New York City is the logical starting point for this occasional series highlighting law schools in specific locales. New Yorkers’ self-regard is bloated enough to believe they are at the Center of the Universe and that everything that happens there is naturally interesting to everyone, everywhere. The ATL Insider Survey asks, among other things, current law students to rate how their schools are doing in terms of academics, career counseling, financial aid advising, practical/clinical training, and social life.
Staci here. Do people who went to lower-ranked law schools have an edge on other bar examinees in terms of subject matter mastery? After all, lower-ranked law schools tend to have a much heavier focus on bar-related courses than you’ll find at HYS, CCN, or other top-ranked law schools.
For example, at most second-tier law schools, you’ll find that the majority of these courses are mandatory (no ifs, ands, or buts about it): Constitutional Law, Contracts, Criminal Law, Civil Procedure, Property, Torts, and Evidence.
See what Mr. Bar Exam has to say about this — plus catch a glimpse of a BAR/BRI professor playing a special little ditty on a banjo, just for the Above the Law audience….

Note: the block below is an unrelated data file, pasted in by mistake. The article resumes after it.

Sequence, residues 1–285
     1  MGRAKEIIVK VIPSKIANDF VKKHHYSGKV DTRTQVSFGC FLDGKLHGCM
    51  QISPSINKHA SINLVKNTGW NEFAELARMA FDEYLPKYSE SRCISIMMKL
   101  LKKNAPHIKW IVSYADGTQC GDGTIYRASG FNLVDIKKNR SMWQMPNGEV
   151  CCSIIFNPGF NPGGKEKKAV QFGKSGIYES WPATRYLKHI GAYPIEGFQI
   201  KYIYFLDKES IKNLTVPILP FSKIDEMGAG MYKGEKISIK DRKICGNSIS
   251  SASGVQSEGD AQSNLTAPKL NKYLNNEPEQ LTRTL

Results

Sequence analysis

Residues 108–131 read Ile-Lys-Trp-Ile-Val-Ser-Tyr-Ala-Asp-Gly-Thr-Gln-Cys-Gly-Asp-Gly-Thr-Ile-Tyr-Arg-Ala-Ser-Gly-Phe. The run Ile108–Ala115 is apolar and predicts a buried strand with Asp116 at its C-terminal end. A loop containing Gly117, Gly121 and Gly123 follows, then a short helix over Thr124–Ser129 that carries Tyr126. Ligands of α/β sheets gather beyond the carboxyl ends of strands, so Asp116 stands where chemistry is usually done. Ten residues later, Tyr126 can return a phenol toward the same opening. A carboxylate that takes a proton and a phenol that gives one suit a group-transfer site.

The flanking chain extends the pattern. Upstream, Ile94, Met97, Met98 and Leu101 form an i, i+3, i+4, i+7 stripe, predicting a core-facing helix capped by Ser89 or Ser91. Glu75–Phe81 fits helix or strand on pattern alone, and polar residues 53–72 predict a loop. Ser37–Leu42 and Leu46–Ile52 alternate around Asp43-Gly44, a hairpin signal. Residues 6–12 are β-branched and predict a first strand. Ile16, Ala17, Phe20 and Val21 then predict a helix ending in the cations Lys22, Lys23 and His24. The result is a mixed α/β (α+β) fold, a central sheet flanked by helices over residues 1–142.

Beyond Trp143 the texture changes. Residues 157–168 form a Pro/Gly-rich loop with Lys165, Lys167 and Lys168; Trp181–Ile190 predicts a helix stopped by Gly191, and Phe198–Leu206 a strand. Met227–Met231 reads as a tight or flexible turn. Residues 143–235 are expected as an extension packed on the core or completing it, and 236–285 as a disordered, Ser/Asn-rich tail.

Based on the number of submissions we’ve received — please don’t be offended if yours doesn’t make the cut — it seems you’re enjoying our Law License Plates series. Our last post on law-related vanity license plates was a little over a week ago, but we’re always looking for more photos. You can send them via email (subject line: “Vanity License Plate”).
Today, we’ll be writing about lawyers who spend so much time in the courtroom that they’ve decided to slap a verdict on their license plates — literally. And from the looks of it, these litigators’ verdicts have resulted in some pretty big monetary payouts. Unfortunately, it looks like only one of them could afford the “i”….
* Joe Amendola has filed a motion to dismiss the child sex abuse charges against his client, Jerry Sandusky. And if he actually thinks that’s going to happen, then he definitely needs to call 1-800-REALITY. [Associated Press]
* @AllenStanford’s motion for a #newtrial has been denied. The Ponzi schemer’s “conviction by journo tweet” argument has failed. Major props to Judge David Hittner for issuing a ruling in less than 140 characters. [Bloomberg]
* Everyone’s obsessed with the U.S. News law school rankings, but here’s a ranking that people should actually be paying attention to: the law schools that lead to the most debt. [The Short List / U.S. News and World Report]
* St. John’s Law is planning to launch two new LL.M. programs, neither of which is in tax. This is newsworthy because people will apply anyway, and then bitch about the “value” of their degree. [National Law Journal]